Wednesday, 15 May 1991
Seanad Éireann Debate
Mr. B. Ryan: The admirable provision of subsection (1) (e) making trade in babies illegal is something to which we all subscribe. May I say mildly to Senator O'Reilly that whether the children are extremely deprived or not, it would still be wrong to have any suggestion of a trade in babies. Half a million children die each year from malnutrition around the world, many of them in worse conditions than the very visible babies in  Romania. However, it would still be wrong not to protect Romanian babies because of the possibilities of exploitation.
How is subsection (1) (e) to be enforced by investigation to ensure that a foreign adoption comes within the definition? We could be talking not only of Romania but about the Philippines, for instance, or about distant countries outside the normal range of communications and with different cultures. What procedures does the Minister have in mind to ensure that there will not be a covert, if not overt, exchange of money?
Mr. O'Donovan: A number of speakers have mentioned the question of trafficking in babies, etc. Speaking as somebody who was in Romania for some time and who has personal knowledge of the situation this fear is over-exaggerated, although I understand Senator Ryan's concern. I know of at least one dozen couples from Ireland who went to Romania for very honourable reasons and although it was difficult to deal with interpreters, etc. Irish couples would shy away from any type of trafficking in babies.
It would be incorrect for other countries to assume that Irish couples were getting involved in a black market situation. The Romanian authorities, despite their shortcomings, were quite thorough in appearing before the local magistrate or equivalent to a notary public, of being satisfied that both the mother and father in each case I am aware of consented and that the consent was obtained legitimately. I accept that from time to time this procedure of consent could be abused. Other nationalities — it would be wrong of me to go into it — did use the power of the dollar to persuade mothers to give over children but that was the exception rather than the rule. It would be remiss of me not to mention that.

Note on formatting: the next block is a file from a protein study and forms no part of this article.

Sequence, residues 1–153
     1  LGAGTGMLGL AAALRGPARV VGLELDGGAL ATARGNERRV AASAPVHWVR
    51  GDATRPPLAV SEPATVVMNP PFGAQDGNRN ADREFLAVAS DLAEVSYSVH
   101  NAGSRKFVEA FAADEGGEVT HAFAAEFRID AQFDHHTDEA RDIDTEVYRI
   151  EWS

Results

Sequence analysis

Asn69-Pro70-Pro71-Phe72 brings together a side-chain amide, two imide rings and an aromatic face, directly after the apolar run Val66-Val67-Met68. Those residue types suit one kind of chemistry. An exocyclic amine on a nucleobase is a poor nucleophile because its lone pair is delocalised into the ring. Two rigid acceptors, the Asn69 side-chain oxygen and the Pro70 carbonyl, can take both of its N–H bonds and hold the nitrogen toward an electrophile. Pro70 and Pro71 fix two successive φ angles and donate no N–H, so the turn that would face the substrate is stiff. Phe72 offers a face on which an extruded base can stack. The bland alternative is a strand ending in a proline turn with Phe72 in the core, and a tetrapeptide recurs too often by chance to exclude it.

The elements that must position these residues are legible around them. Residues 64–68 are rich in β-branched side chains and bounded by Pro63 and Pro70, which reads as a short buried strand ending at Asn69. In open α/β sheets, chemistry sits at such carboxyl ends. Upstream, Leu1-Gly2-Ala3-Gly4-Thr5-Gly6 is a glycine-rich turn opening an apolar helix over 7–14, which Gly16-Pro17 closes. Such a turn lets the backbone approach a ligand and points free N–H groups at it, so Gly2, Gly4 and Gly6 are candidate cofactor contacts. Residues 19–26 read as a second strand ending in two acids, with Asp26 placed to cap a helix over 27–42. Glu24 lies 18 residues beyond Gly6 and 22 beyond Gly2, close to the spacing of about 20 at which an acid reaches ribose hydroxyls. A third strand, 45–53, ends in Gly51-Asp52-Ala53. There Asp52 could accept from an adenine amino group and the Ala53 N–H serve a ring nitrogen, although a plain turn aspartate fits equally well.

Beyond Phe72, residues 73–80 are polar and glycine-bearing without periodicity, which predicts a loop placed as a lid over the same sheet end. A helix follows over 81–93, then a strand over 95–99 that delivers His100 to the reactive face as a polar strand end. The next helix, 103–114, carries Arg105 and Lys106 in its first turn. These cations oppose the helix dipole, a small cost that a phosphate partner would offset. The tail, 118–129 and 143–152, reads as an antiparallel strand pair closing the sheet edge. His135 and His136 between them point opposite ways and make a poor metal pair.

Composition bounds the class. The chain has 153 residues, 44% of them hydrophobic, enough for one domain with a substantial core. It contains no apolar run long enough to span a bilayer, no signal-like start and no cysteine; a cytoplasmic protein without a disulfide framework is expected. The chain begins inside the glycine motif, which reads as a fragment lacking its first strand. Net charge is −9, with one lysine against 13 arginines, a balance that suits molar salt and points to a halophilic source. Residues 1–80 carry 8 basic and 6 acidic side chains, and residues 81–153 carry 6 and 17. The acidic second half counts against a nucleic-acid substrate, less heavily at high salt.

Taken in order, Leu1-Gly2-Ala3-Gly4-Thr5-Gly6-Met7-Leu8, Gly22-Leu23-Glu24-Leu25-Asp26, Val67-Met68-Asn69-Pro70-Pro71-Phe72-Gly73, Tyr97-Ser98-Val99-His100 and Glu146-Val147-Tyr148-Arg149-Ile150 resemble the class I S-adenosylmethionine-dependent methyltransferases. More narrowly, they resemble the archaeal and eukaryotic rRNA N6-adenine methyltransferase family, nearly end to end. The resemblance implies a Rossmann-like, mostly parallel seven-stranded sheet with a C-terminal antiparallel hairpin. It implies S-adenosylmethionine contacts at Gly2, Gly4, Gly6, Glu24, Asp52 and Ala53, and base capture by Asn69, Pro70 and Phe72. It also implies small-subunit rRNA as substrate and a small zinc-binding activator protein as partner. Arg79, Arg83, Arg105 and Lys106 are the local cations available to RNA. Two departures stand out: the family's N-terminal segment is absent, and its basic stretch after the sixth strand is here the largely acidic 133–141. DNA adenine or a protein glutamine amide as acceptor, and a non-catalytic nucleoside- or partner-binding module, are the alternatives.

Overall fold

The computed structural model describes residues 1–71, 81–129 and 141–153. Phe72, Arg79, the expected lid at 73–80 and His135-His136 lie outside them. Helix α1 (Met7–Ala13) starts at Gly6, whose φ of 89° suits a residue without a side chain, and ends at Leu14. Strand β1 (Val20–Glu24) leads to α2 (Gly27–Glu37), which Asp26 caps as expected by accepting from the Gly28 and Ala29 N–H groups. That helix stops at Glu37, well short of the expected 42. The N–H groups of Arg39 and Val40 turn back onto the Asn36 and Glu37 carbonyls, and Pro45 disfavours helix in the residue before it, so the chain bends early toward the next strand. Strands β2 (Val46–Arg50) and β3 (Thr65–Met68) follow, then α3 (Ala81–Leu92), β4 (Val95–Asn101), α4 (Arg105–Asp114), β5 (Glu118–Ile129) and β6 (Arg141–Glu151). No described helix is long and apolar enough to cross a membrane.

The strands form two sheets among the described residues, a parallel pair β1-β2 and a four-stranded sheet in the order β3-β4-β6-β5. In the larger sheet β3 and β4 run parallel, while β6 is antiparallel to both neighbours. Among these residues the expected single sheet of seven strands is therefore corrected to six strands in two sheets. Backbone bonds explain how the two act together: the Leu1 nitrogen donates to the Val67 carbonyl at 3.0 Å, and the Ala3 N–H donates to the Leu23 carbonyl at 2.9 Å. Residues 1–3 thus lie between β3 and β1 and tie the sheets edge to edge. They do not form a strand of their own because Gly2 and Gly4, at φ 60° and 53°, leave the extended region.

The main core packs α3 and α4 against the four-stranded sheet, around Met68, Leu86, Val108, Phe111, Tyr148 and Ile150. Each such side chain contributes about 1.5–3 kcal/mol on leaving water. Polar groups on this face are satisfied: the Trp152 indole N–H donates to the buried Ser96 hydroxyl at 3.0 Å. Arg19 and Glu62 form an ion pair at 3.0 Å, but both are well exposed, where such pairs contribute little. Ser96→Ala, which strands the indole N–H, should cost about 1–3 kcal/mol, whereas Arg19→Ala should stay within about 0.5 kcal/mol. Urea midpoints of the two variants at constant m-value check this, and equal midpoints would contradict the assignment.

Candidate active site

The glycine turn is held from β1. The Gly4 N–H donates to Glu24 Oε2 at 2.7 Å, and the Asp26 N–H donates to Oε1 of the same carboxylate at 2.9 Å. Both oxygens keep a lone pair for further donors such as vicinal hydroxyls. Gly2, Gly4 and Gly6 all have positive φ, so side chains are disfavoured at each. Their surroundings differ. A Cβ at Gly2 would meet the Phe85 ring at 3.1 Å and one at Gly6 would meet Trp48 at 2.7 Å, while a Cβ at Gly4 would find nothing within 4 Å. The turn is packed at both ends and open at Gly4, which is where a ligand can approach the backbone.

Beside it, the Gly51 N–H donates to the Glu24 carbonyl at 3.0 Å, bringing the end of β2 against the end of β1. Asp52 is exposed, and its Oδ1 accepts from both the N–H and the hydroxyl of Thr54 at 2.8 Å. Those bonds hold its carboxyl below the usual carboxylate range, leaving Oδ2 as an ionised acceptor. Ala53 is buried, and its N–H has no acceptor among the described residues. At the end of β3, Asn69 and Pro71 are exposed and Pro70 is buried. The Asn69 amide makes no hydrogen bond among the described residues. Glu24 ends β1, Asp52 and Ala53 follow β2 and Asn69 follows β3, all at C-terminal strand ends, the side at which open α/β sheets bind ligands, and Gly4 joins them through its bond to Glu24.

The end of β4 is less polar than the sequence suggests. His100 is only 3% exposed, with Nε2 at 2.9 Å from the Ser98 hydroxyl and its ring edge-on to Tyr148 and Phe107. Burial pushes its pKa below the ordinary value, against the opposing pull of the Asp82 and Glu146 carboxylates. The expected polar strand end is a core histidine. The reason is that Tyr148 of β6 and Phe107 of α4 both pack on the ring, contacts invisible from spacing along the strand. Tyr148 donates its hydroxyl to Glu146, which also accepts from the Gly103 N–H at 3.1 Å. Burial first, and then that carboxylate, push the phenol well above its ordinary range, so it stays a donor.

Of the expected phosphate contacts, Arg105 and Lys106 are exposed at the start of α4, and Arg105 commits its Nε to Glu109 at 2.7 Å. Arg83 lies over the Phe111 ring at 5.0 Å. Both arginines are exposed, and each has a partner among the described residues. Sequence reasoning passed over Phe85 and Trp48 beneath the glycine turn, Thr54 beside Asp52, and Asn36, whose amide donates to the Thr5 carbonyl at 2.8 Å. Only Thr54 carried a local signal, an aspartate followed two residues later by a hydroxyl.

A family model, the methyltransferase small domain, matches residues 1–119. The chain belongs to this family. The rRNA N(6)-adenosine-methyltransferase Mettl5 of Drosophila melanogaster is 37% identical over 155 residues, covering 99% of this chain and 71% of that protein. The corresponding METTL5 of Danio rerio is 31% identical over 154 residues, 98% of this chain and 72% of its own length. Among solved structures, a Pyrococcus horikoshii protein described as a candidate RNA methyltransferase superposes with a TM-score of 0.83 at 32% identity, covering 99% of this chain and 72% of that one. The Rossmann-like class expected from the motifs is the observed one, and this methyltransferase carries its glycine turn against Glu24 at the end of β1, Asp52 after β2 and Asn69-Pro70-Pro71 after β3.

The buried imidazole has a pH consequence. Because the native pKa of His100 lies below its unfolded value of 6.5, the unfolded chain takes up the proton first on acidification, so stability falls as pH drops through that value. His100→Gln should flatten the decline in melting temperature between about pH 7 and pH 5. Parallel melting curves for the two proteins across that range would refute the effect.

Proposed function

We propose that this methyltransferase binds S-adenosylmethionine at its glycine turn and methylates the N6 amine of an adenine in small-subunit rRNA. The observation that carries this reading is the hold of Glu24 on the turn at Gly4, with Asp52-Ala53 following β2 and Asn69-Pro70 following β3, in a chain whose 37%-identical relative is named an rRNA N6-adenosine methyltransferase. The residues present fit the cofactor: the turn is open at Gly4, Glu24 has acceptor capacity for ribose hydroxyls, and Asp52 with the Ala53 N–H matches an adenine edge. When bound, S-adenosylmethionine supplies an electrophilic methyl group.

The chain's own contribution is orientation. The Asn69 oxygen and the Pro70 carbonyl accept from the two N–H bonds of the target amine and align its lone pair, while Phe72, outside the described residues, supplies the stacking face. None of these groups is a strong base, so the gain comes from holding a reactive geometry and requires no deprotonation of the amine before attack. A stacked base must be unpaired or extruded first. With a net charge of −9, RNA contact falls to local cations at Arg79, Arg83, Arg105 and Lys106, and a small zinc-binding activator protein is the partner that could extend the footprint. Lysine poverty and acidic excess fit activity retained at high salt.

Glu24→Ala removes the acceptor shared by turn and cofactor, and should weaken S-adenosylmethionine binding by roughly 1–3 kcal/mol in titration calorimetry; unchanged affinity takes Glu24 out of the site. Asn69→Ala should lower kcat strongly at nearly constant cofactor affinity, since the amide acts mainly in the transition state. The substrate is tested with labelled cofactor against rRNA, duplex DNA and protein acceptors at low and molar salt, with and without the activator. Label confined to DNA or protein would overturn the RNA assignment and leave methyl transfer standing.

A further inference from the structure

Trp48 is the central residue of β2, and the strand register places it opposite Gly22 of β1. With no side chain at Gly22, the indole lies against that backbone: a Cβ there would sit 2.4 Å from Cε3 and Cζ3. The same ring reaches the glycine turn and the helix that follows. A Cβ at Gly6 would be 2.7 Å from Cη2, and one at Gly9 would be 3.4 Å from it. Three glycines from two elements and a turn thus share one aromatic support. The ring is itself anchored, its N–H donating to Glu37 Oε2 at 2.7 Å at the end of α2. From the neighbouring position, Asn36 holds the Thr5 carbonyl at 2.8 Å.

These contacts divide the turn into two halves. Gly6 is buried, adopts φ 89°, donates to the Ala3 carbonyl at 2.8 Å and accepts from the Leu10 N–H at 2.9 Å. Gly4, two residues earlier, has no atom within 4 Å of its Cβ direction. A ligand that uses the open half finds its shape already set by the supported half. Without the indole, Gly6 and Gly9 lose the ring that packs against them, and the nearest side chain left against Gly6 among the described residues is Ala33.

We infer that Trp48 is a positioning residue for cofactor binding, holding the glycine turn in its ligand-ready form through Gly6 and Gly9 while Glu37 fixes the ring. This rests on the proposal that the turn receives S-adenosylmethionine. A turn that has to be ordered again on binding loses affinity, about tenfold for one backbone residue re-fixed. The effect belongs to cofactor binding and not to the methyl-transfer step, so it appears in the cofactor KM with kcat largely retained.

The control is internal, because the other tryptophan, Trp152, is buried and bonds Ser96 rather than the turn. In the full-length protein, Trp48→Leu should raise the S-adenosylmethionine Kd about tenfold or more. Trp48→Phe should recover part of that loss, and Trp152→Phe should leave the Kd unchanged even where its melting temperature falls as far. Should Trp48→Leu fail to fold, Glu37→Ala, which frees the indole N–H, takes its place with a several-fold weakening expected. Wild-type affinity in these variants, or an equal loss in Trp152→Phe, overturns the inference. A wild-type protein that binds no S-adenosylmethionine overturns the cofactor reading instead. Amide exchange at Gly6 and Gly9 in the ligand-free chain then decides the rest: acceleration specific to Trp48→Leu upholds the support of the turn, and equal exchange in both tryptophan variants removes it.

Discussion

This is an excellent Bill. Whatever other countries do, my experience of the  Irish couples indicates they would avoid trafficking in children. The vast majority, if not all, of Irish couples who brought in Romanian babies were above-board in what they did and they should be admired and congratulated.
Mr. O'Reilly: It was my information, talking to some parents who adopted Romanian babies, that in so far as extortion was involved it was by taxi drivers, petty officials and people other than parents. There was no evidence of financial transactions for the babies. It is not an issue in this legislation.
Minister for Health (Dr. O'Hanlon): I agree with Senator O'Donovan that trafficing in babies is not an issue and it has not come to light that Irish couples are trading in babies or buying babies abroad. Nevertheless, it is important that we provide for such an eventuality in law. The implementation of the subsection raised by Senator Brendan Ryan will be a matter for the Adoption Board who will have sole discretion in that. One way in which they may do it is to ask for a sworn affidavit. As they gain experience of foreign adoption from different countries — at the moment the majority of Irish couples are going to Romania to adopt babies — they will build a relationship with the country in which the adoption takes place. I have no doubt that they will be able to ensure as time goes on that they will be able to control such a situation and implement that subsection.